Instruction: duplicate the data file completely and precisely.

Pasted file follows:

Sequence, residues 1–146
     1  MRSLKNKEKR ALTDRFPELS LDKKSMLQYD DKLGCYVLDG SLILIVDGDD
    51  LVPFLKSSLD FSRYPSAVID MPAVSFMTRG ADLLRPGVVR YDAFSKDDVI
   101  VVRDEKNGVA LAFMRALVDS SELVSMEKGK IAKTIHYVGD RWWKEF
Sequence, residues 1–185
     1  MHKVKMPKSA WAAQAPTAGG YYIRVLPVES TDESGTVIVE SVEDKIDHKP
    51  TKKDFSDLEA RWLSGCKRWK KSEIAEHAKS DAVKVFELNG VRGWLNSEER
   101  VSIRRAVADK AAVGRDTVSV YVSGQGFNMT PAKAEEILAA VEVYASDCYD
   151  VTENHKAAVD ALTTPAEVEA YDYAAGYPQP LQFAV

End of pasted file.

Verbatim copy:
Sequence, residues 1–146
     1  MRSLKNKEKR ALTDRFPELS LDKKSMLQYD DKLGCYVLDG SLILIVDGDD
    51  LVPFLKSSLD FSRYPSAVID MPAVSFMTRG ADLLRPGVVR YDAFSKDDVI
   101  VVRDEKNGVA LAFMRALVDS SELVSMEKGK IAKTIHYVGD RWWKEF
Sequence, residues 1–185
     1  MHKVKMPKSA WAAQAPTAGG YYIRVLPVES TDESGTVIVE SVEDKIDHKP
    51  TKKDFSDLEA RWLSGCKRWK KSEIAEHAKS DAVKVFELNG VRGWLNSEER
   101  VSIRRAVADK AAVGRDTVSV YVSGQGFNMT PAKAEEILAA VEVYASDCYD
   151  VTENHKAAVD ALTTPAEVEA YDYAAGYPQP LQFAV